Wednesday, 3 August 2016

Cookery Calendar Challenge: July

I'm joining with Penny at The Homemade Heart who invites fellow bloggers to choose one cookery book each month, select and cook two dishes from it and post their thoughts at the beginning of the following month.

 In July I finally got round to cooking from Persiana.  They say you shouldn't judge a book by its cover but I'd defy anyone to resist the seductive colours and textures of Sabrina Ghayour's delightful book.  I'd coveted it for some time but it wasn't until the beginning of the year that my husband used a money off voucher to pick it up in Foyles.

Having been brought up in India I appreciate the use of herbs and spices and have recently enjoyed visits to our local Middle Eastern restaurant, Souk Kitchen.  Now I had the opportunity to recreate them at home.

The first dish I chose was Baked Eggs with Feta, Harissa Tomato Sauce and Coriander.  It's traditionally a breakfast dish, but I cooked it for dinner  I began with the harissa tomato sauce, spiced with warm tones of turmeric, ground coriander, cumin and cinnamon, as well as the fiery kick of harissa.  I've eaten in before in the Souk Kitchen but I don't remember there being any feta in it.  I  think its salty creaminess adds another dimension.  The eggs are slipped into craters created in the rich sauce before the dish being finished off in the oven.  We ate it with flatbreads to scoop up the rich juices.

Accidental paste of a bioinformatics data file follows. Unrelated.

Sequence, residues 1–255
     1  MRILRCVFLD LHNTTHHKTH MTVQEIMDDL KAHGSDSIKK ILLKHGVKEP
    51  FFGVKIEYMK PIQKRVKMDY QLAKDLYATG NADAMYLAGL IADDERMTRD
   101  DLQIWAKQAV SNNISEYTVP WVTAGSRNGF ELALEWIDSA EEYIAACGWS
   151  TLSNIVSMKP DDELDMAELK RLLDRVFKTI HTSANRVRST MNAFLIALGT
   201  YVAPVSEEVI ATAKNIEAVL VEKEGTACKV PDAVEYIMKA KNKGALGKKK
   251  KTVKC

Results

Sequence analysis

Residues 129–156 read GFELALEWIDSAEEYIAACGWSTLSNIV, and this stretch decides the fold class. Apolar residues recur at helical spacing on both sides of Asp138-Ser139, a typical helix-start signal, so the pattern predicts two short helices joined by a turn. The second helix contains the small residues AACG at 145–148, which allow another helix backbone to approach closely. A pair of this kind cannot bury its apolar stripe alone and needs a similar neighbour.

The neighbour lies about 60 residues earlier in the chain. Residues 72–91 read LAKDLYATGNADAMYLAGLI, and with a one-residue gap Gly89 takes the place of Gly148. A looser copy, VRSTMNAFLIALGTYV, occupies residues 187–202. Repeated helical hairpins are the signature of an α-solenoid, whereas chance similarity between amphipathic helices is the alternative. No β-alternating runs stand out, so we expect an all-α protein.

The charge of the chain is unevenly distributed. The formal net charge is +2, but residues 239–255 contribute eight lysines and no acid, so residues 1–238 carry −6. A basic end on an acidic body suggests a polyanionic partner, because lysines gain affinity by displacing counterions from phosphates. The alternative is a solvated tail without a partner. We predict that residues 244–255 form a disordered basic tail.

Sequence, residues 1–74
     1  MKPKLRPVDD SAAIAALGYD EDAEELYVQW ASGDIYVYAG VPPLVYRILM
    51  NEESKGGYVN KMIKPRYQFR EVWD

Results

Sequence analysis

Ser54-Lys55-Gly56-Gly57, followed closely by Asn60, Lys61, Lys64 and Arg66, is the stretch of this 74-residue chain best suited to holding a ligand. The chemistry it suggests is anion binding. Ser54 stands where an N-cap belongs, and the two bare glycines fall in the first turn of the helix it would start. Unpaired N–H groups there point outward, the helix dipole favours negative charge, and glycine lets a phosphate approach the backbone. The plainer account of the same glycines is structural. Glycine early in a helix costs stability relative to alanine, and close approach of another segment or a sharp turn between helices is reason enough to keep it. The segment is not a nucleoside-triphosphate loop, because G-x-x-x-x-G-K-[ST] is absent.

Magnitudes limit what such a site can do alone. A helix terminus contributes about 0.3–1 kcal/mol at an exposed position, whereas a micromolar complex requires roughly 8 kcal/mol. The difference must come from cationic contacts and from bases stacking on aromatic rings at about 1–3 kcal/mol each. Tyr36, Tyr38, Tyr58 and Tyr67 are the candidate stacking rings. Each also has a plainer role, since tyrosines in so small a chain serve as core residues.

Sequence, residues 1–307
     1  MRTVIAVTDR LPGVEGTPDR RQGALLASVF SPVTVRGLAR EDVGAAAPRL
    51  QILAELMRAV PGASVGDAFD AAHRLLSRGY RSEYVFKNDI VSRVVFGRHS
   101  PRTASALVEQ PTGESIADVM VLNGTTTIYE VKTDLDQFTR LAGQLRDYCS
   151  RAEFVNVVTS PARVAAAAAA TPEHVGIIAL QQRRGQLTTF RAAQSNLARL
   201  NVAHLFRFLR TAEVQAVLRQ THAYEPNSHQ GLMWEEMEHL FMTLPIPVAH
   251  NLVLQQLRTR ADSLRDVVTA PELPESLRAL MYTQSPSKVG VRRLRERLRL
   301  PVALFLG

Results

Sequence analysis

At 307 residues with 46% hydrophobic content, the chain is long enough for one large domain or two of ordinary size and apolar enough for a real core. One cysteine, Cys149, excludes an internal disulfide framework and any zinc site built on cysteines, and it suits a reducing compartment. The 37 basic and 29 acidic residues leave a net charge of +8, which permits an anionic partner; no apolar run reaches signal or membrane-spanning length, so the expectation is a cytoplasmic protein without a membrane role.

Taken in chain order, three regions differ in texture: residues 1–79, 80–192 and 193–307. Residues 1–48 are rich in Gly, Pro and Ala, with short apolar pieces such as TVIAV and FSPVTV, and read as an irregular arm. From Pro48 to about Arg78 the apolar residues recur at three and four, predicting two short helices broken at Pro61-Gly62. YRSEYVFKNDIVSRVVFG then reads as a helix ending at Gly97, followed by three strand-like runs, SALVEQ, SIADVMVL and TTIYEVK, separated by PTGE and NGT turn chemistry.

The second dish was Lahmacun, or spicy minced lamb pizzas.  First I kneaded the dough which is similar to bread dough, but with the addition of Greek yoghurt which gives it a softer tangier flavour.  The topping is a paste made from minced lamb, onion, tomatoes, chilli flakes and parsley.  The recipe specified Turkish chilli flakes and advised holding back to avoid too much heat.  I used normal chilli flakes, which I imagine are milder, but held back anyway, which I regretted.  I would have liked more of a punch.  I would also turn the oven temperature down a little bit as they browned very quickly.  We ate the lahmacun with a coleslaw dressed in a mint and orange blossom dressing lifted from a salad recipe in the same book.  It went down well even with my daughter who's particular about her dressings.

Other recipes we've tried are Lamb & Sour Cherry Meatballs (I substituted cranberries for the sour cherries) and Cod in Tamarind, Coriander & Fenugreek Sauce.  I have my eye on plenty of others, particularly ones involving aubergines of which I am very fond.

I'd heartily recommend Persiana to anyone who likes hearty stews, interesting salads and mezze style eating.  It does call for a variety of unusual ingredients, especially spices, but these are now readily available and can be used to brighten up other dishes.  It has even inspired me to attempt a jar of preserved lemons.  

My next book is by one of my favourite cookery writers and food campaigners, Hugh Fearnley-Whittingstal.  I heard him speak in Bristol a couple of years ago and got him to sign the book he was promoting,  Three Good Things, for my daughter.  We have it on loan and I intend to take advantage of this to try as many recipes as I can.